Terminating a child process from python

I’ve been working on improving my renderfarm, and I’ve run into some trouble trying to close clients remotely. You can easily end a python process with sys.exit(), however if a rendering application (say Nuke) has been spawned by the script, it will not close. After some digging (and a bunch of great help from stackOverflow) I seem to have come up with a solution. When you call a 3rd party application with either call() or:

process = Popen(allRenderArg, env=os.environ)

Python will create a tiny, dummy process which only exists to call that application. When you exit your script, python will clean up those dummy processes, but won’t kill child processes, thereby leaving the renders going.

The solution that I’ve come up with is to get the pid of those dummy python processes, then use some unix commands to find the pids of their children, and kill them with os.kill(). If this was a linux platform I could do it in a more efficient way (possibly using pstree) but on OSX I have to use grep and some fancy code:

processId = process.pid
print "attempting to terminate "+str(processId)
command = " ps -o pid,ppid -ax | grep "+str(processId)+" | cut -f 1 -d \" \" | tail -1"
ps_command = Popen(command, shell=True, stdout=PIPE)
ps_output = ps_command.stdout.read()
retcode = ps_command.wait()
assert retcode == 0, "ps command returned %d" % retcode
print "child process pid: "+ str(ps_output)
os.kill(int(ps_output), signal.SIGTERM)
os.kill(int(processId), signal.SIGTERM)

There might be a nicer way, but I don’t know it.

OSX Paths, X11 and paths.d

If you’re working with a renderer from the command line, you’ll often need the location of that renderer in the path, so you can call it easily (without always needing the full path). On OSX, there is a folder paths.d under /etc, where you can place text files that will contain paths to be appended to $PATH in terminal sessions:

/etc/paths.d/Nuke6.3v8 contents:

/Applications/Nuke6.3v8/Nuke6.3v8.app/Contents/MacOS

This morning I was attempting to add some other versions to the path (7.0v1, 7.0v6) and I was running into some ridiculous errors. When I added another file:

/etc/paths.d/Nuke7.0v1 contents:

/Applications/Nuke7.0v1/Nuke7.0v1.app/Contents/MacOS
what I got in my path was instead
/Applications/Nuke7.0v1/Nuke7.0v1.app/Contents/MacOS1/bin

Why? I have no idea. I tried different file names, different text encoding types, etc and was always getting that extra text on the end. I noticed that I had one other file in my paths.d, from the installation of the osx developer tools: 50-X11. When I removed that file, everything worked! However, I want to keep that in my path (not sure what apps might be there), so I renamed it to x11 and now that extra text is gone.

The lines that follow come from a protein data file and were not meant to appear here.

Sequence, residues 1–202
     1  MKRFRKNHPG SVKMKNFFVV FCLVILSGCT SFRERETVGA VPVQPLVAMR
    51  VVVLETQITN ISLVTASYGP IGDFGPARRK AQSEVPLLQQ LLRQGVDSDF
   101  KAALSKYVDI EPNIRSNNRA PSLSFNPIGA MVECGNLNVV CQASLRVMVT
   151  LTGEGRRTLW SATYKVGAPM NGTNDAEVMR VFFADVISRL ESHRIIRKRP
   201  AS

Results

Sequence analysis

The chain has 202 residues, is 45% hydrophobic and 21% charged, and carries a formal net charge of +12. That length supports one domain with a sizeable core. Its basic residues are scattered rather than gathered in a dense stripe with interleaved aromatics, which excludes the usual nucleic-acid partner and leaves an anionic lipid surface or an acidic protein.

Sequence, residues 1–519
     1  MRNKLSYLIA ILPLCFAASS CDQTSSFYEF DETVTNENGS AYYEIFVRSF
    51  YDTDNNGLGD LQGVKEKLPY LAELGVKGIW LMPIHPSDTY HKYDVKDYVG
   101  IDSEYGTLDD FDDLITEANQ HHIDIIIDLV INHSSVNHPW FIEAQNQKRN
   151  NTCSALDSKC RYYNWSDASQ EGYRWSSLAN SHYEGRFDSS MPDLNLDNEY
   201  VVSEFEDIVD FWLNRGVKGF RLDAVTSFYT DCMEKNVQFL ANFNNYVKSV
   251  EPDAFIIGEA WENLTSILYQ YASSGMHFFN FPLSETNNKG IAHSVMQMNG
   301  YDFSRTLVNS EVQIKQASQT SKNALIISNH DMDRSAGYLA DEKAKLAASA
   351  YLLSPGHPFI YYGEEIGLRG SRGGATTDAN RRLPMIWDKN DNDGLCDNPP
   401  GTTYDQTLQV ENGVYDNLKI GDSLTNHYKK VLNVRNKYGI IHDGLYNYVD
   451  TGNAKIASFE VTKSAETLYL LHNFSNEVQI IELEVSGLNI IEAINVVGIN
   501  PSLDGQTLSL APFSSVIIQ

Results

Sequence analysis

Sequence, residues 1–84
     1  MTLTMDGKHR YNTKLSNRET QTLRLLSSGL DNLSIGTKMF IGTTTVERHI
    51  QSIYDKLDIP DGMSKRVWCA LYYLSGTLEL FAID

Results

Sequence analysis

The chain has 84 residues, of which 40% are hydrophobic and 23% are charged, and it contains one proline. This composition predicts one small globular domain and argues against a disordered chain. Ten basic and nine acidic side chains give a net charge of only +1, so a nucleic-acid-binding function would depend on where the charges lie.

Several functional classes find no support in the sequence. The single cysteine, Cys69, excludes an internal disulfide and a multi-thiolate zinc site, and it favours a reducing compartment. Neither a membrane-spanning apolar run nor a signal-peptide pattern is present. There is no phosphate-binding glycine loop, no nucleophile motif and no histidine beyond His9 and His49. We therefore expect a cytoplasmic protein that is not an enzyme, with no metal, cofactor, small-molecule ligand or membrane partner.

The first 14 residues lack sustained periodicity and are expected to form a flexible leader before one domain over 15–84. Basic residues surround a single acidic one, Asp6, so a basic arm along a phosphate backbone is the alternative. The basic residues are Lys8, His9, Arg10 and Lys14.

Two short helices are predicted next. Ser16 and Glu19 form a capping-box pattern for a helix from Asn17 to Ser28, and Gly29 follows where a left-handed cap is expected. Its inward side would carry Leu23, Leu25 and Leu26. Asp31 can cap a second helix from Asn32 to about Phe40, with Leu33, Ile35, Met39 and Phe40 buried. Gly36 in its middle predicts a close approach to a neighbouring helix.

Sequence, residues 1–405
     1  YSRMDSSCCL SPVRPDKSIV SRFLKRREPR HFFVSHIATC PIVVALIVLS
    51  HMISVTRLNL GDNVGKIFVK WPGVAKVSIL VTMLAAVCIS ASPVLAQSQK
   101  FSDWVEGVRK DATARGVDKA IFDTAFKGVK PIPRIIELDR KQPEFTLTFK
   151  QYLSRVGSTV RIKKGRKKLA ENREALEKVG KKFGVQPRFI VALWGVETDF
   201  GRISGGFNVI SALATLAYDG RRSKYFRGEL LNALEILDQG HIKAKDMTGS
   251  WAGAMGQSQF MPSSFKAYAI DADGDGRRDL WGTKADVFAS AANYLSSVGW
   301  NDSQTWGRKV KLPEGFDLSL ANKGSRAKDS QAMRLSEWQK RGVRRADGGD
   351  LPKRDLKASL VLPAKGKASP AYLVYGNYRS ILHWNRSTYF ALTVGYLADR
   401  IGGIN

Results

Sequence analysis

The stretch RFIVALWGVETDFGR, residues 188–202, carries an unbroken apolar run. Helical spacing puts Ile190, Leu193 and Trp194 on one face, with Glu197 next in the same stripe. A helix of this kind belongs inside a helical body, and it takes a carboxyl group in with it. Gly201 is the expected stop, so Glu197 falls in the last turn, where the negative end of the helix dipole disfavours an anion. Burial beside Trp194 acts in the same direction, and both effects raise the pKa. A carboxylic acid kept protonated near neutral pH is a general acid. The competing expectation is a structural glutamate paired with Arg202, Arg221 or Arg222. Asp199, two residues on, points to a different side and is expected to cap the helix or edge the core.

I hope this helps someone else in the same situation. I don’t understand what macintosh is doing half the time, and this is that half.

Nuke command line, “argument not used”

Working with my python-based nuke render farm, I’ve been shoring up the code to deal with some unusual instances (single frames, fewer frames than clients, et al). When passing arguments to Nuke for rendering, I used this format:

Nuke7.0v6 -m 8 -x projectFile.nk -F 250-500

When I need to send multiple frames, or frame ranges, to the same instance, the documentation says you can use multiple instances of the -F argument, like so:

Nuke7.0v6 -m 8 -x projectFile.nk -F 250-500 -F 550-700

What you’ll get, though, is only the second specified frame range (in this case, 550-700) rendering, and the following output:

"-F": argument not used
"250-500": argument not used
"-F": argument not used

After discussing with Foundry support, it seems the -F switch will only work if placed before the -x switch, like so:

Nuke7.0v6 -m 8 -F 250-500 -F 550-700 -x projectFile.nk
Otherwise, Nuke assumes the last number is the legacy method of passing frame ranges to the command line renderer, and ignores your -F switch. I’ve requested that this be specifically mentioned in the documentation.

Houdini Animation Curves otl

curves

I’ve recently been working on an idea that requires me to do separate luminance values in an image into x discreet “steps”, such as 0-12. However I don’t want to do the distribution linearly (read: equally distributed), I need to account for the fact that luminance is non-linear.

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Technodolly Focus, Z-Depth, and Lens Distortion

techno_dolly

Any comp lives or dies on subtle qualities of a scene – color, depth of field, lens distortion, etc etc. Solving lens distortion with nuke is pretty easy once you understand the process (and immensely easy if you prepare ahead of time!); without a good lens distortion solve you’ll never get a convincing composite. Depth of field is easier to do a guess-and-check method, but of course we’d much rather get an accurate result. We’ll discuss both, but first a quick overview of the technodolly itself.

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Luminance Curves

grayscale_curve-perceptual

Often in compositing, I will need to take one set of values and convert it to a different set of values. Say I have a linear image, with luminance values in a range from 0 – 4.589:

Input: Output:
0 0
4.589 1
If I want to do some fancy operation on that image based on it’s luminance, I’ll probably want to convert that range to 0-1, so it’s easier to work with. The easiest and most straight-forward type of conversion is a linear one, of course, where we simply divide all the luminance values by the largest value, giving us a range of values between 0 and 1:

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./hello -t “world”

I can’t count the number of times I’ve run into an issue in my work as a┬áTechnical┬áDirector that I’ve solved just by googling it, and landing on some random blog or forum post. The goal of this site is to add my experiences to the great reference library.